As a chronic inflammatory cutaneous disease, discoid lupus erythematosus (DLE), unless diagnosed and treated in a timely fashion, can lead to disfiguring scarring and skin atrophy (1,2). DLE lesions occur in approximately 6–10% of patients with systemic lupus erythematosus (SLE) (3,4). Although there are similarities in histology, their clinical course and prognosis are different, suggesting different pathogeneses (5). DLE’s pathophysiology has not been extensively investigated and is likely related to a complex of environmental, genetic, and immune cell interactions. Recent studies have found that dendritic cells, natural killer cells, and toll-like receptors play a dominant role in this process. Other evidence has also shown that, compared with healthy and involved DLE skin, there are several signaling pathways related to T helper (Th) type 1 in lesional DLE (4). However, the understanding of key pathogenic pathways is far from clear.
An increasing number of high-throughput deep sequencing results have found that only a small proportion of the human genome is transcribed into protein-coding mRNAs, while most genome is transcribed into noncoding RNAs (ncRNAs) (6-8), which are considered a new type of long noncoding RNA (lncRNA) with a length of more than 200 nucleotides (9-11). Recent evidences suggest that lncRNAs are involved many pathophysiological mechanisms, and are frequently deregulated (12-14) in autoimmune thyroid disease and rheumatoid arthritis (RA) (9). However, the functional and genomic profile of lncRNAs in DLE remains unclear. As a new topic in scientific literature, noncoding and circular RNAs (circRNAs) with a covalently closed loop structure (15,16) have been already mostly described in eukaryotic cells (17). They can occur in any part of genome and regulate gene expression (17,18). In recent years, circRNAs have been found to have numerous functional microRNA binding sites and occupy the role of miRNA regulators of gene expression. Accumulating evidence show that circRNAs are part of various physiological and pathological conditions, including cancer, prion infection, neurological disorders, and atherosclerotic vascular diseases (17-21). Despite this knowledge, little is known about the functional roles of circRNA in DLE, and the expression profiles of the noncoding RNAs role in the progression of DLE remain elusive.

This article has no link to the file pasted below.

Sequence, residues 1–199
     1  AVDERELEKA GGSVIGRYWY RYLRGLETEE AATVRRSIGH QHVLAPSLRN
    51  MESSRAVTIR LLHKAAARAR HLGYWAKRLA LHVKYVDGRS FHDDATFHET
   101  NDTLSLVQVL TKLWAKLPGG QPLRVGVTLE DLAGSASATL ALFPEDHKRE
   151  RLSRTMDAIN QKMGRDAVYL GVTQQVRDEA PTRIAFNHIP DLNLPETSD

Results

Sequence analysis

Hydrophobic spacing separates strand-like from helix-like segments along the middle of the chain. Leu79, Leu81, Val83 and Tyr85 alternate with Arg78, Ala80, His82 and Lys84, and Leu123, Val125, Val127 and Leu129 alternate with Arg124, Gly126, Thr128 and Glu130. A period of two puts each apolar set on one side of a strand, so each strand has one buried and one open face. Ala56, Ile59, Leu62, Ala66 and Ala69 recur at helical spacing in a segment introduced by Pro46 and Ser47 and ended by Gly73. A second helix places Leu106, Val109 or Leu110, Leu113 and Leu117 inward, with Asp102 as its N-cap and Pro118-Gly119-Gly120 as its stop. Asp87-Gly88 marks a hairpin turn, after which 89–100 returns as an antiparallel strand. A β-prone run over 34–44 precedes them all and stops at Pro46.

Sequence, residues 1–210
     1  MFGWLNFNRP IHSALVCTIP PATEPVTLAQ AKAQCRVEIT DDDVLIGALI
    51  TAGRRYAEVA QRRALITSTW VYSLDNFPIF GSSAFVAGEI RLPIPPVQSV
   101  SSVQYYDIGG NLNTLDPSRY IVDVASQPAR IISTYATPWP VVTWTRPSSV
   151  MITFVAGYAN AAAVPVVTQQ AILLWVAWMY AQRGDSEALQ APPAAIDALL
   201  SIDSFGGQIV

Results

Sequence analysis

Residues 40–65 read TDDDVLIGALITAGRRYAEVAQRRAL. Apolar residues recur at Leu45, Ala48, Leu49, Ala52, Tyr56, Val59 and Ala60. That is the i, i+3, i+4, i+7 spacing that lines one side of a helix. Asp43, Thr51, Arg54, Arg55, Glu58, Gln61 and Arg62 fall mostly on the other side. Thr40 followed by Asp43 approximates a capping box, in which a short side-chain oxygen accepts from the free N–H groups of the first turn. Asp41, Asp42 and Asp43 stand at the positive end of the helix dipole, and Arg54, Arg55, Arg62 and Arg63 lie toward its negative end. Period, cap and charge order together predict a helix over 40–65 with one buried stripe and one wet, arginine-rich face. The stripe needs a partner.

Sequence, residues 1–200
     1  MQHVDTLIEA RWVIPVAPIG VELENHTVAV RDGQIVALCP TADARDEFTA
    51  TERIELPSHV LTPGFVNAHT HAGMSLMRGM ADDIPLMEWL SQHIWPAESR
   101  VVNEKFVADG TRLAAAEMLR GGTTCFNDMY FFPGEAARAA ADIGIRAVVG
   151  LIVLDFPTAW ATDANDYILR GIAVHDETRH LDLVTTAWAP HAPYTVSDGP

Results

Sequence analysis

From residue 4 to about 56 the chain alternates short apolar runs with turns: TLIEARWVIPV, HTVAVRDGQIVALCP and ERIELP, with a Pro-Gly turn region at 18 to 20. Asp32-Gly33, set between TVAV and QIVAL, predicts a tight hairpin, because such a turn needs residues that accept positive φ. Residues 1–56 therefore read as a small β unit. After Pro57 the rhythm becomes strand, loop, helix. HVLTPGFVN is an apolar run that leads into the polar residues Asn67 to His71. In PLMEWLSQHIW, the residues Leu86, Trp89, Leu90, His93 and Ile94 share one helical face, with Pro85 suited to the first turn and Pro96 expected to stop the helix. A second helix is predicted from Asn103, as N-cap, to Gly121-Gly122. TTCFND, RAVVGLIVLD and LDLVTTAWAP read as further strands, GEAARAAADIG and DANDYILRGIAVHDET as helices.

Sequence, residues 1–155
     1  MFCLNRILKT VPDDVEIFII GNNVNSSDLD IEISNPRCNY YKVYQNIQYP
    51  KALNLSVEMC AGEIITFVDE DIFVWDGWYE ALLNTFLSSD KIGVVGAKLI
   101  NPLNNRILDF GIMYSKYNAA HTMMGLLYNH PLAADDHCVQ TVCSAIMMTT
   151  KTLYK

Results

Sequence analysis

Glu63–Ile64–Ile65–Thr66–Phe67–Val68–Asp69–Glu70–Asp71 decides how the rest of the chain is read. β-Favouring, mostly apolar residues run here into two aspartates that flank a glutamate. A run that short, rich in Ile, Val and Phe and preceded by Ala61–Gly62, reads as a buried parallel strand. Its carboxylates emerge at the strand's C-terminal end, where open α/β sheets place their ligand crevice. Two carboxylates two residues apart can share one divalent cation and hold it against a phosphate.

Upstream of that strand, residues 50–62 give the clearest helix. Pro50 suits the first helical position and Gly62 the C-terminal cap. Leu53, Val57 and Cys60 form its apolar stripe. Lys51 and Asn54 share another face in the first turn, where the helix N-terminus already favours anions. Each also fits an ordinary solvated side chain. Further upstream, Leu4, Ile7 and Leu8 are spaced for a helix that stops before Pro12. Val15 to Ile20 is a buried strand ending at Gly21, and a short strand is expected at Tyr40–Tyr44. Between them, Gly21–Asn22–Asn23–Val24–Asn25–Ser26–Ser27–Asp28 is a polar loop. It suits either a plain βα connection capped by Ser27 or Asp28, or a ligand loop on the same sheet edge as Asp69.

We therefore evaluated the differential pattern expression of lncRNA/mRNA/circRNA in order to explore the molecular profiles of non-coding RNAs in DLE by high-throughput RNA-sequencing (RNA-seq). We initially analyzed their pathways, Gene Ontology (GO) items, functional coding-noncoding co-expression networks, and TF-lncRNA-enriched mRNA networks. Our results from this analysis demonstrate that numerous lncRNAs and circRNAs have potential to be considered diagnostic and therapeutic markers for DLE. Finally, the functions of the lncRNAs and circRNAs were predicted by evaluating the differences of expression in lncRNA/circRNA/mRNA co-expression networks. These results provide further insight into the underlying pathogenesis of DLE and offer targets for DLE therapy.
Patients and lower lip samples